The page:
Tinder and Bumble try keg-standing their way to success

Tinder, Bumble, and fraternity parties: a match made in heaven.
Image: Gene Lester/Getty Images

The wholesome, all-American tradition of drunken Texas fraternity parties just got even more American: they’re now part of a corporate marketing ploy!

A new report from The Houston Chronicle lays bare a genius if somewhat troubling user acquisition scheme by dating apps Bumble and Tinder. These companies are entering into exclusive contractual sponsorships with fraternities, giving the frats swag and cash to require their party-goers to download and sign up for the app at the door to get in. 

It’s a strategy that funnels college students, who comprise that crucial 18-24 year old demographic, into becoming new users — that is, if they want to get into the party.

As the Chronicle reports, once the frats sign an agreement, they become either a “Tinder house” or “Bumble house”; the contracts are app-exclusive. One student said that fraternities even get cash bonuses based on the amount of new users they sign up. Hooray!

It’s not clear how widespread these agreements are, but the Chronicle reports that the brands were present recently across fraternity parties at the University of Texas at Austin, and talked to students and dating app representatives who confirmed the partnerships. Other students have confirmed attending sponsored parties at Oklahoma University, Tulane University and Northwestern University.

Here’s how it works: a partygoer walks up to a frat aligned with Tinder (always a good start to the night!). A brother asks the party goer if she, or he, (but let’s be honest, she), has a Tinder U profile (that’s Tinder’s college-specific app). If she does, great! Head right inside for all the beer-stained carpeting you desire. If the person does not have a profile on the app, they’re directed to scan a QR code, which prompts them to download the app and create a profile. Voilà, new user acquired! This policy goes for all attendees, even if they’re in a relationship.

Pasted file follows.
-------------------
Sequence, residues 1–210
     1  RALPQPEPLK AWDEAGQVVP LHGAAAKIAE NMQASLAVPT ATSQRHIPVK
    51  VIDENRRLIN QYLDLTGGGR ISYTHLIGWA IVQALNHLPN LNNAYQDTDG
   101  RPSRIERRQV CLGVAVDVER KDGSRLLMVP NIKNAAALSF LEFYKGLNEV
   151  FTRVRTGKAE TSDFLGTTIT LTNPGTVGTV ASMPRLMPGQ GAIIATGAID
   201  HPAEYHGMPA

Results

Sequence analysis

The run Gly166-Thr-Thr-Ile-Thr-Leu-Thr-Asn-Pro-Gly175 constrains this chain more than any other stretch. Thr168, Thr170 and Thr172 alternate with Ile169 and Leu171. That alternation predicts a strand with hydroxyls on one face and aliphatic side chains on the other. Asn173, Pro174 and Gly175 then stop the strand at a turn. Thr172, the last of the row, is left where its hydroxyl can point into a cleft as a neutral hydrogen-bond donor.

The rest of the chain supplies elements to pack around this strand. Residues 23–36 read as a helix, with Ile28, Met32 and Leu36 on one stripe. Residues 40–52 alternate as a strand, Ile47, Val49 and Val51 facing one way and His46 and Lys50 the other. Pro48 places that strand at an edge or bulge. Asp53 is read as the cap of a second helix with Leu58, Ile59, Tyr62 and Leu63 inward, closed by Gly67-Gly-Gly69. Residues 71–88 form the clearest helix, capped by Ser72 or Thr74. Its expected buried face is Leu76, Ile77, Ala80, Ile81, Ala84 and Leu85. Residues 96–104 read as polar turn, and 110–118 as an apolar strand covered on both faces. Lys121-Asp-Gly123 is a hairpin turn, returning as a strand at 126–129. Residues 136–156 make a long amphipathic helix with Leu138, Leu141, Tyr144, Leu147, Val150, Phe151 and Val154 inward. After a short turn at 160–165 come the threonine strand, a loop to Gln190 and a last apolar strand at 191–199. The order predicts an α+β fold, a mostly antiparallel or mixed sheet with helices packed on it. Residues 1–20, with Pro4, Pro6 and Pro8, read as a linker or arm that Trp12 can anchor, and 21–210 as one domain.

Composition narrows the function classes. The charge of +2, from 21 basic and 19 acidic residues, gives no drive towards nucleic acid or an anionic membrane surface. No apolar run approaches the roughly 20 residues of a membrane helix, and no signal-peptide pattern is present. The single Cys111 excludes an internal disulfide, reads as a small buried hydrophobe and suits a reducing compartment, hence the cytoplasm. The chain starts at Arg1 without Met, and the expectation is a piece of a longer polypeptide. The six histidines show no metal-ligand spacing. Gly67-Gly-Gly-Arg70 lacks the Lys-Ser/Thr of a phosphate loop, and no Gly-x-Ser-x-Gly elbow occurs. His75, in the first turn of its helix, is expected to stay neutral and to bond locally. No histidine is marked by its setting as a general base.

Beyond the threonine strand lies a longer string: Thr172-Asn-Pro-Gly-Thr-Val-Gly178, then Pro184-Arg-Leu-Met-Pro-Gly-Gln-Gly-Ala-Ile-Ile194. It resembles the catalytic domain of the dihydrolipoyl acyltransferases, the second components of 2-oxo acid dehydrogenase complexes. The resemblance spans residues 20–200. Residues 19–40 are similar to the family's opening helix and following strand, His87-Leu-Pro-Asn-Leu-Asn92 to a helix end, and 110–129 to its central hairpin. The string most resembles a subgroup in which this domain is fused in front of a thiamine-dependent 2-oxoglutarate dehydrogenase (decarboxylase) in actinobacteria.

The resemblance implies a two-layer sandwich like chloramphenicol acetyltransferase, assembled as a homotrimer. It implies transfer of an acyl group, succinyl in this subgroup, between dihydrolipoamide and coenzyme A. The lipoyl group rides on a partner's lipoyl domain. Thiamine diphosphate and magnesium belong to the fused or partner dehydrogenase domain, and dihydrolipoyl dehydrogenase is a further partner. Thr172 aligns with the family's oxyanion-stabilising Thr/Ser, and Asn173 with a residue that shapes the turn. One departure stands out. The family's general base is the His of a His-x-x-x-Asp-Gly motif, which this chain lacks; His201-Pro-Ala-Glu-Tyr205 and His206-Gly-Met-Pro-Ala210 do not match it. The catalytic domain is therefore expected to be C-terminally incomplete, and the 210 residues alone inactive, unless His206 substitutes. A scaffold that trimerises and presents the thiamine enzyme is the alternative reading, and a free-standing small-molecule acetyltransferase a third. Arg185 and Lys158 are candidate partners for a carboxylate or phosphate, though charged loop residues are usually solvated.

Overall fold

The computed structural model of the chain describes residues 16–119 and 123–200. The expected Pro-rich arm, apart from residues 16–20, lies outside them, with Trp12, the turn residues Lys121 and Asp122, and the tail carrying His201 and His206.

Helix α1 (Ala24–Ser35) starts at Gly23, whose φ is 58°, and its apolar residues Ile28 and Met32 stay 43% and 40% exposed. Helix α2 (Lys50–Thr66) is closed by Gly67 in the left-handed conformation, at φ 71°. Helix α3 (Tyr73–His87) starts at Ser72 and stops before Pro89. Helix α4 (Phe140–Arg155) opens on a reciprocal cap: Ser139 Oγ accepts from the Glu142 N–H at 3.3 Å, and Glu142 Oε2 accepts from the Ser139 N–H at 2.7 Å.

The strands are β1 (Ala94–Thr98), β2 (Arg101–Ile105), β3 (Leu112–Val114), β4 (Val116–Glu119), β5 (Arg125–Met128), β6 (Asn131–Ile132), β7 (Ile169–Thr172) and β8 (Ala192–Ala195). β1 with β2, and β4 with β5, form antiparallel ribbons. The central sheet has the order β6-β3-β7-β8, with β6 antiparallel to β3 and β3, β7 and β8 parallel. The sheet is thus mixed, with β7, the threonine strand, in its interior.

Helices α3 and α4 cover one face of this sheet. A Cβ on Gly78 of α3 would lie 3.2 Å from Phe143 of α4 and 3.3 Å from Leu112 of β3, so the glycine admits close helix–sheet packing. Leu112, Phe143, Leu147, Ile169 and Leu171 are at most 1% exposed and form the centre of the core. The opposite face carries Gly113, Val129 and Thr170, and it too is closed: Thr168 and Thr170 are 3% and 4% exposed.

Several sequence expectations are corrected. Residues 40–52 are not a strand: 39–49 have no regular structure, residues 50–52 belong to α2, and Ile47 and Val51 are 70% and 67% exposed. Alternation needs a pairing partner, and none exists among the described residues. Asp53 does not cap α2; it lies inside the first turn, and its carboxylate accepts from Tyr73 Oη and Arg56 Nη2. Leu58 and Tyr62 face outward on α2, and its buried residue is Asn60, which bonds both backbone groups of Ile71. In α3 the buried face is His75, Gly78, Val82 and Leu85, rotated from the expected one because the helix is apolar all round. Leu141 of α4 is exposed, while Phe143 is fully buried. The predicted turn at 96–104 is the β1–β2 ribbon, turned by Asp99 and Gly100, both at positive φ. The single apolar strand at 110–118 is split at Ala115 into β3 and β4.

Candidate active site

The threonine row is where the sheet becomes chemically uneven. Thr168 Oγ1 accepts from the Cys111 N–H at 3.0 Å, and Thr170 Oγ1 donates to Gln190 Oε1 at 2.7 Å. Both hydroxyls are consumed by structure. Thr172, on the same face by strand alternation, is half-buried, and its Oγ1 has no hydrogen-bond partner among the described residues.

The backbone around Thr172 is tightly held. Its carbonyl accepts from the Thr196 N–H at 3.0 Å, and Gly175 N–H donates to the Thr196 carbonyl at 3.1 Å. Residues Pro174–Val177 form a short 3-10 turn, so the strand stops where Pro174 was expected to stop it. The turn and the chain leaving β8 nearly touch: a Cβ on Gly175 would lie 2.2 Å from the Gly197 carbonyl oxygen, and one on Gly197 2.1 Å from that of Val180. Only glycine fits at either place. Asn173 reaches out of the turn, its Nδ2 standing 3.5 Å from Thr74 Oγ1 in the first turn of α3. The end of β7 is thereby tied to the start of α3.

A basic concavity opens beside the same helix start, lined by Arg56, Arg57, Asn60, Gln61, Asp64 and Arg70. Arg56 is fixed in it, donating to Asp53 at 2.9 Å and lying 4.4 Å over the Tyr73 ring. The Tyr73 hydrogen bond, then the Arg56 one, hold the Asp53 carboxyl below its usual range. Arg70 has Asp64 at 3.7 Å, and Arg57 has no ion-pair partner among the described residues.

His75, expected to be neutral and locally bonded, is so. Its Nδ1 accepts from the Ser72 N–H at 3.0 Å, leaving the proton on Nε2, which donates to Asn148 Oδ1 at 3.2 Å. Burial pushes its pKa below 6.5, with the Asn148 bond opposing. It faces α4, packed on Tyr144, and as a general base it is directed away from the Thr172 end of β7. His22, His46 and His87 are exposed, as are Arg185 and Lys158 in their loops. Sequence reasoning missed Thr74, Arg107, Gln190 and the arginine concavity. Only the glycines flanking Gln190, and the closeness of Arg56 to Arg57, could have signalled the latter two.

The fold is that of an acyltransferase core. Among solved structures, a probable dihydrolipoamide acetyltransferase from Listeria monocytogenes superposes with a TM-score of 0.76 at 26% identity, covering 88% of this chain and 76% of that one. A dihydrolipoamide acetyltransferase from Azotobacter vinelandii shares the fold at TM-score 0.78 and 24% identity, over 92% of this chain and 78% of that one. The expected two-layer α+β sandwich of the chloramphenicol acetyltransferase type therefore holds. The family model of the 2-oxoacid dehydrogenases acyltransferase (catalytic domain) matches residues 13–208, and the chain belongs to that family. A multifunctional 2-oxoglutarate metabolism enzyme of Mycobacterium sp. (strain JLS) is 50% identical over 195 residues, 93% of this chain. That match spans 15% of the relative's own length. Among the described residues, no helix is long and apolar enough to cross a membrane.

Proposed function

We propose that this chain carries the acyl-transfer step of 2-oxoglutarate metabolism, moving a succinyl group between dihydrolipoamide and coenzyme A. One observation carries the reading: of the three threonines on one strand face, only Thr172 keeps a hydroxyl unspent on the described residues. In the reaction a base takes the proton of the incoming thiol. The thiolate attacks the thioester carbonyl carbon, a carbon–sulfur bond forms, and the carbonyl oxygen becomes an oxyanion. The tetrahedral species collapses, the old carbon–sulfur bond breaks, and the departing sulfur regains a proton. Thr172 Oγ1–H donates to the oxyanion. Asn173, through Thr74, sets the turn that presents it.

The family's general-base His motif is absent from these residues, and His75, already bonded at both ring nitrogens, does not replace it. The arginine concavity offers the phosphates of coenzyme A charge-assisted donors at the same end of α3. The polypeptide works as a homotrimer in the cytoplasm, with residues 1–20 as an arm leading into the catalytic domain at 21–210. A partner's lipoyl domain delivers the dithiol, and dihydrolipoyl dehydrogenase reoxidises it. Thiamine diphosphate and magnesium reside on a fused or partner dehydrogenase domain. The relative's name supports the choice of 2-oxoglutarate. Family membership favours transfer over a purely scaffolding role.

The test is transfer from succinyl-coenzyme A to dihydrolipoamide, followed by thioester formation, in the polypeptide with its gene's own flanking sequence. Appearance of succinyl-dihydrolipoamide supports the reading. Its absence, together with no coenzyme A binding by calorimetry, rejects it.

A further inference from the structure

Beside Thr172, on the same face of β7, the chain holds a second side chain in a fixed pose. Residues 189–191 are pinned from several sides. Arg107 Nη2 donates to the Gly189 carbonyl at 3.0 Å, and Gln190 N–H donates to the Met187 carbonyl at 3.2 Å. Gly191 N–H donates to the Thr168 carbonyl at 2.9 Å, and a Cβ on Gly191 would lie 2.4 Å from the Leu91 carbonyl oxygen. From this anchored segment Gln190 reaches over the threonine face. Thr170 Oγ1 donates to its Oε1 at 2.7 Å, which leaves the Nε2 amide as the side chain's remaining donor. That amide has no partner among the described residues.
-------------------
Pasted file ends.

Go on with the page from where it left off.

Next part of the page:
One way the frats enter into these agreements is through the dating apps’ “brand ambassadors.” or college students who have “marketing internships” with the apps. The students get “work experience,” the apps get partnerships and new users. No problems there!

College students are extremely valuable potential users for these frats. People aged 18-22 are a desirable demographic for most products. But that’s especially so for apps like Tinder and Bumble, where people in this age group have the potential to use this product through college and beyond.

The fraternities’ Tinder/Bumble arrangement just makes sense. Dating apps and fraternities are both working to scrub their reputations as unsafe places for women filled with rogue penises and disrespect. It’s truly match made in heaven…or at least a fraternity basement.

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